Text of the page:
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Book part

Prisca Brosi and Marvin Schuth

Purpose – We aim to elucidate the influence of leaders' emotion expressions on the social distance between leaders and followers in face-to-face and digital communication.…

Abstract

Purpose – We aim to elucidate the influence of leaders' emotion expressions on the social distance between leaders and followers in face-to-face and digital communication.

Design/methodology/approach – Literature review

Findings – Following functional theories on emotions, leaders' expressions of socially engaging emotions (e.g., guilt, happiness, gratitude, and compassion) lower social distance. Leaders' expressions of socially disengaging emotions (e.g., anger, contempt, disgust, and pride) increase social distance. In digital communication, we propose that the effect of socially engaging and disengaging emotions depends on the social presence that is provided by the different digital communication media.

Practical implication – Based on our theoretical model, we derive implications for (1) leaders' use of face-to-face communication, (2) the importance of digital communication with high social presence, (3) leaders' use of digital communication as a tool for emotion regulation, and (4) coping strategies when communicating via digital means with low social presence.

Details

Emotions and Service in the Digital Age
Type: Book
ISBN: 978-1-83909-260-2

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Book part

Charmine E.J. Härtel, Neal M. Ashkanasy and Wilfred J. Zerbe

In this overview, the editors trace the history of 10 books they have helmed in what has become the legacy of the Emonet conferences. From the seeds planted in 1998 by a…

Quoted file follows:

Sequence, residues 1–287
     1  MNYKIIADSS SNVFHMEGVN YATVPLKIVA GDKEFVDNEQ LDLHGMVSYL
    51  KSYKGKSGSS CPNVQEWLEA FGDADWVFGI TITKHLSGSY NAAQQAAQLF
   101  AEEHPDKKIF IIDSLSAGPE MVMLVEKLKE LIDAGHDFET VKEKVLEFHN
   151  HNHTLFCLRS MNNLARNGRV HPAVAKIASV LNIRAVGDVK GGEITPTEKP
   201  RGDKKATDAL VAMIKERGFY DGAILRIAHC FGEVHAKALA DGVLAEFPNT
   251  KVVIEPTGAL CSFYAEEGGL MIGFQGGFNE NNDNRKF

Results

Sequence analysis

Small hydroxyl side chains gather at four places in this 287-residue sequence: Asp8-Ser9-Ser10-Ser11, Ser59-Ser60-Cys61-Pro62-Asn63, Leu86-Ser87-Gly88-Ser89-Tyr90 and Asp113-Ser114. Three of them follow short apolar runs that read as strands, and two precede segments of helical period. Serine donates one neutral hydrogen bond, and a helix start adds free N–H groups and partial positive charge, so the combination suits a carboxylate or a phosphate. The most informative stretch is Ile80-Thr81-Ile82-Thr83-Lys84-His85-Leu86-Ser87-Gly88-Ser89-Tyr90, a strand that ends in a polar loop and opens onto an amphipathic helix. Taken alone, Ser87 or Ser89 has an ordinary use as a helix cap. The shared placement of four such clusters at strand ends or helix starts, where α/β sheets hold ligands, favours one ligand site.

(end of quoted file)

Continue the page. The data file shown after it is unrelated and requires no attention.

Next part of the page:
Abstract

In this overview, the editors trace the history of 10 books they have helmed in what has become the legacy of the Emonet conferences. From the seeds planted in 1998 by a small group of international scholars assembled together at the first Emonet conference, the shift of the study of emotions in organizational studies from the almost “undiscussable” to mainstream scholarship is traced. Following this historical analysis, the story of “What have we learned? Ten years on,” the latest volume in the Emonet book series, is given. In a brief summary of each chapter in the current edition, the editors draw attention to eight topic areas to showcase the remarkable and broad-ranging advances in the field of organization studies that have been enabled by attention to the role of emotions in theory and practice in 10 years since the first publication in the book series. From advances in our knowledge and understanding of work, workers and consumers, to team behavior, leader-member exchange, and In Extremis work contexts, and methodological contributions in the assessment of noncognitive traits through to advances in knowledge of positive work environments, the reader is left in no doubt that organizational scholarship and practice has been deeply enriched through bringing emotions center stage.

Details

What Have We Learned? Ten Years On
Type: Book
ISBN: 978-1-78052-208-1

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Article

Charlotte Huard, Andrée-Ann Deschênes and Charles-Antoine Rioux

The main purpose of this research is to establish the relationships between emotional self-efficacy and workplace psychological health for emergency dispatchers.